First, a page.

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The New Yorker

Sonja Sekula, 7-Levels, 1958, ink and watercolor on paper, 14 3/4 x 10 1/8 inches (37.47 x 25.72 cm)


Goings On About Town: GALLERIES-UPTOWN
Sonja Sekula

June 1, 2017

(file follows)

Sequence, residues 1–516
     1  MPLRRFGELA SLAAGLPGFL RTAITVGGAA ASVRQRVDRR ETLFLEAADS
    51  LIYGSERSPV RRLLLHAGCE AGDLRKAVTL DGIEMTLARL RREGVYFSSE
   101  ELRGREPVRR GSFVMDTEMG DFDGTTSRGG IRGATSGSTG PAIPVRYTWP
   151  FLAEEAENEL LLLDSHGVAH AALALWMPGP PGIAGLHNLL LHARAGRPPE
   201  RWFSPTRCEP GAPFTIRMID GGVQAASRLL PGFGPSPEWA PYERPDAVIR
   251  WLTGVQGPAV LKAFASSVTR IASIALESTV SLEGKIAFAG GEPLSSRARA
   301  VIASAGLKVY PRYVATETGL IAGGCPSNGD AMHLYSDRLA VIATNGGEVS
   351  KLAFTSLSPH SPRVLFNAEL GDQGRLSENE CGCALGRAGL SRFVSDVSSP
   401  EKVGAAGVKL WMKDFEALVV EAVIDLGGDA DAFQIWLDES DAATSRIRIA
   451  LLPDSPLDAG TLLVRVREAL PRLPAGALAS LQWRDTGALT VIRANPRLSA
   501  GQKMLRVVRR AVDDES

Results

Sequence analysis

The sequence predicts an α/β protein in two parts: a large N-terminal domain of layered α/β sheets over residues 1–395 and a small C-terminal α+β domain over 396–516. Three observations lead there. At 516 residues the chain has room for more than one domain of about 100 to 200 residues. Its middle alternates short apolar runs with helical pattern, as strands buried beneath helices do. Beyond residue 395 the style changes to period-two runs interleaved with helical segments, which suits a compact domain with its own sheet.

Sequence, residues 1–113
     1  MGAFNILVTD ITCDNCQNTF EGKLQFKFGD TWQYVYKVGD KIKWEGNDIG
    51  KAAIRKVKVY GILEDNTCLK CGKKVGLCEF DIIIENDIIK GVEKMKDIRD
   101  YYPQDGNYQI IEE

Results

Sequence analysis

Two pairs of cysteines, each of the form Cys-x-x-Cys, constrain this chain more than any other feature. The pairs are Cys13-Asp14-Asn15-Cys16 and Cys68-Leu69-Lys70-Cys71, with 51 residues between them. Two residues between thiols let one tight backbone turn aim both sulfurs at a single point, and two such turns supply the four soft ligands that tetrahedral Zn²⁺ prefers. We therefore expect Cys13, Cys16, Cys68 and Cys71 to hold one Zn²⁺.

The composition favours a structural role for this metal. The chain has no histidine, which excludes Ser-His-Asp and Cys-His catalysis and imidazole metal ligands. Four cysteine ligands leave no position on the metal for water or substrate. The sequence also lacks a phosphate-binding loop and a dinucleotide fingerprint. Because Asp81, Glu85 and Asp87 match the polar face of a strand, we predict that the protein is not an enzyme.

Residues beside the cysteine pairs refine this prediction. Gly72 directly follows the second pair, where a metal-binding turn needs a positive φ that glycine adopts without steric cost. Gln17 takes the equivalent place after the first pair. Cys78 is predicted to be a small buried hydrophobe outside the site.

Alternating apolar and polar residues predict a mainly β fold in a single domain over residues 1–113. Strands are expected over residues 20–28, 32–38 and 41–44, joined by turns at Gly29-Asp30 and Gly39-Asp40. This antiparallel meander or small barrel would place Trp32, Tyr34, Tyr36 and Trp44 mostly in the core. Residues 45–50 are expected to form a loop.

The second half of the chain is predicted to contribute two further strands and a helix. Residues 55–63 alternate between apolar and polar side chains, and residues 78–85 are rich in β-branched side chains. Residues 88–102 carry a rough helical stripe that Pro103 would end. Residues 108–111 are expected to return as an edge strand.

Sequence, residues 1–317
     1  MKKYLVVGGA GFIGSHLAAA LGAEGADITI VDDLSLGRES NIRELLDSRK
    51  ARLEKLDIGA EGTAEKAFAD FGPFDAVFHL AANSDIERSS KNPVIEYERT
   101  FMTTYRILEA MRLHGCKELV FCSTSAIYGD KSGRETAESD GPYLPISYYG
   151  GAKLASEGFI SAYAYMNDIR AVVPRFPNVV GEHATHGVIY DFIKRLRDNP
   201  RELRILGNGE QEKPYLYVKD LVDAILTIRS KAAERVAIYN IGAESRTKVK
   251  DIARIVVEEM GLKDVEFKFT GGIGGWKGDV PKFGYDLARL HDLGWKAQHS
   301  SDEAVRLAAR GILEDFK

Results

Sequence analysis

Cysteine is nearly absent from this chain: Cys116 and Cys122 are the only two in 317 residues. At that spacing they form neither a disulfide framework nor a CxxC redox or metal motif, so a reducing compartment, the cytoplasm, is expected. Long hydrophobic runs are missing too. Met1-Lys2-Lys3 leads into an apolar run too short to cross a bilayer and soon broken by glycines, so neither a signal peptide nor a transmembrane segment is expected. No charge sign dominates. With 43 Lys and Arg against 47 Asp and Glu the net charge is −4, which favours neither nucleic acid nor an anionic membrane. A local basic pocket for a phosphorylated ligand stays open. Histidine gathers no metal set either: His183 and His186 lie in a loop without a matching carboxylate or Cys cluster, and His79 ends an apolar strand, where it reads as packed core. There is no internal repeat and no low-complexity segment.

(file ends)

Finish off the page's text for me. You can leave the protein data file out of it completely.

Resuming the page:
This career-spanning show of small works by the little-known Swiss-born modernist contains nothing so dull as a series. Each bright drawing or painting is a world of its own, invented from scratch. In the nineteen-forties, Sekula experimented, in her meticulous fashion, with biomorphic and Cubist abstraction; later, her unfettered compositions included vibrant, washy areas and idiosyncratic glyphs. "7-Levels,"from 1958, features a sunburst at its center anda doodle-like density of ink, overlaid with horizontal bands of pastel color. Photographs of Sekula portrat her looking radiant in André Breton's New York apartment, posing with a bedridden Frida Kahlo, and sitting between John Cage and Merce Cunningham- but their kind of success eluded her. The artist spent her adulthood in and out of mental hospitals, eventually yaking her own life, at the age of forty-five. This fascinating, welcome survey aims to rescue her from the footnotes of the avant-garde.



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